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February 08, 1945 - Image 6

Resource type:
The Michigan Daily, 1945-02-08

Disclaimer: Computer generated plain text may have errors. Read more about this.

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j E T - P R o P E L L E 0 F I C H T E R .P L A N E-The Bell P-59 (above) is the first of the USAAF jet-propelled fighter planes. This
narticular shin set down at the Great Falls. Mont.. Army air base for cold weather testing operations.
C :.

Michigan Cities
Bid for State
Financial HepE
Approach Legislature
For Revenue Relief
By The Associated Press
LANSING, Feb. 7 - Financially
pressed Michigan cities moved on two
fronts today to obtain relief from the
Legislature, and legislative leaders
said the would undertake formal con-
sideration of the cities' problems next
Fight For Workable Plan
A group of mayors and city man-
agers called for an expression of pol-
icy from Governor Kelly on the sub-
ject of diverting state funds to local
government, or opening new revenue
sources to the local units. The group
promises to help him fight for adop-
tion of a "workable" plan.
Another group asked legislative
financial and tax committee leaders
when some action could be expected'
on their problems, and was told that
the House and Senate Taxation Com-
mittees would meet jointly Monday
night to make some start on a reliev-
ing program, the nature of which he
said it is impossible now to predict.
Milliken Addresses Welsh
"It is my idea," said Senator James
T. Milliken, Traverse City Republican
Chairman of the Senate Taxation
Committee, "That we should decide
right at the start whether we want to
give the cities any money. Then we
can decide how much, and how it is
to be accomplished."
Milliken addressed the remarks to
Mayor George W. Welsh of Grand
Rapids, who has been leading a fight
for diversion of state sales tax sur-
pluses to the cities.
Welsh was not among the mayors
and city managers forming the dele-
gation to demand a statement of Gov-
ernor Kelly.
Paricutin Films
Will Be Shown
Dr. Hartweg Will Tell
Volcano's Story Today
Films of Paricutin, the volcano that
erupted in a Mexican field, will be
shown at 8 p. m. today in the Rack-
ham Amphitheatre under the spon-
sorship of Phi Sigma, honor society
of biological sciences.,
Dr. Norman E. Hartweg, who ac-
companied the expedition filming the
baby volcano, will give a narrative
description of the color films. Dr.
Hartweg, a member of the zoology de-
partment and Assistant Curator of
Reptiles and Amphibians in the Uni-
versity's Museum of Zoology, flew in
the plane from which many of the
shots weretaken.
In all, 17 trips were taken over the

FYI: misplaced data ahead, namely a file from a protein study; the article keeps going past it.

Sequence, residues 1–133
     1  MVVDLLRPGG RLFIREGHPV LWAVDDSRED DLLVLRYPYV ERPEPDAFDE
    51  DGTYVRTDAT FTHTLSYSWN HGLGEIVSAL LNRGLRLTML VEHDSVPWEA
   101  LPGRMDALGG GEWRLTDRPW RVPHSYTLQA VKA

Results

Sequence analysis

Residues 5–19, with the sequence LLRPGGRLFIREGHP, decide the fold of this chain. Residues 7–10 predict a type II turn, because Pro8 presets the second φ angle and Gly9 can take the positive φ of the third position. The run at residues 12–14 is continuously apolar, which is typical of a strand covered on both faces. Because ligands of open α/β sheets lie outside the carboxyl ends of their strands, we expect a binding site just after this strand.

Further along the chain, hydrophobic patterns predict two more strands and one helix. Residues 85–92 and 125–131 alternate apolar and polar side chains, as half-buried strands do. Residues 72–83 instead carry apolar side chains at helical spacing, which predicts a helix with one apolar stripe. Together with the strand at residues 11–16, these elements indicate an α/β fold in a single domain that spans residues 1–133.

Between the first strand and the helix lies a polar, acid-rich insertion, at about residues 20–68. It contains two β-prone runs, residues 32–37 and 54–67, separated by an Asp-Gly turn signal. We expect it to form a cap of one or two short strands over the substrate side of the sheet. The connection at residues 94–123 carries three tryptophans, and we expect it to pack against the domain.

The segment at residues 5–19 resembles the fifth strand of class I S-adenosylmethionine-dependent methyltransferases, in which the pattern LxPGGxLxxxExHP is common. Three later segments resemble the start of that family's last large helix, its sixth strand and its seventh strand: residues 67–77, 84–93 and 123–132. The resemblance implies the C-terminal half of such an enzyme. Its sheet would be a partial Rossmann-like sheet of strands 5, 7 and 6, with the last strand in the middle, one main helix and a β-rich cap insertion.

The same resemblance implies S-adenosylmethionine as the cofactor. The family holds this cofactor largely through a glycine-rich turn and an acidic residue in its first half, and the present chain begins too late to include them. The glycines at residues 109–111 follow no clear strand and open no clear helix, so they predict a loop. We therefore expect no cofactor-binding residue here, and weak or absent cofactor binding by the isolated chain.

volcano which first erupted in Feb-
ruary, 1942. The films show develop-
ment of the volcano, located in the
Mexican volcanic belt, up to 1944.
The program is open to the public.
Scott, Trow Will
Talk Before MYDA
Walter E: Scott, commander of the
Detroit American Legion, and Wil-
liam Clark Trow, professor of educa-
tional psychology of the School of
Education, will be the speakersat the
second meeting on Post-war Con-
scription under the auspices of the
Michigan Youth for Democratic Ac-
tion at 8:15 p. m. Monday at the

Sokatch Says Plans for Glee
Club Are Being Formulated

if :i \SbKTY M'S V

Extensive plans are being formu-
lated for the Varsity Glee Club, Dick
Sokatch, manager and student direc-
tor said yesterday.
Esta .ished on Campus
Commenting on the recent sere-
nadin :;of State Street House, Mar-
tha Cook, Betsy Barbour, Phi Beta
Phi, and Delta Delta Delta, Sokatch
said, "After our first serenade, I be-
Professors To
Discuss Role
Of Switzerland
The role of Switzerland in the war
will be the discussion topic of the
International Center program, to be
held at 7:30 p.m. Sunday.
Prof. Charles Koella, of the French
department, will lecture on "The
Whole of Switzerland in This War,"
discussing the difficult position of a
neutral. Swiss by birth, Prof. Koella
is a graduate of the University of
Lousanne, on Lake Geneva. He has
traveled extensively throughout Eur-
A tutor to Prince Cantacuzino of
Romania for two years, Prof. Koella
subsequently taught at the Lycee
Francais in Rio de Janeiro, Brazil.
He then acted as Secretary for the
Swiss Consulate in New York for four
During the first World War, Prof.
Koella was correspondent on Ameri-

lieve the Glee Club is fully estab-
lished in campus activities. The
opinion was shared, I am sure, by
the women we serenaded." He at-
tributed the success of this venture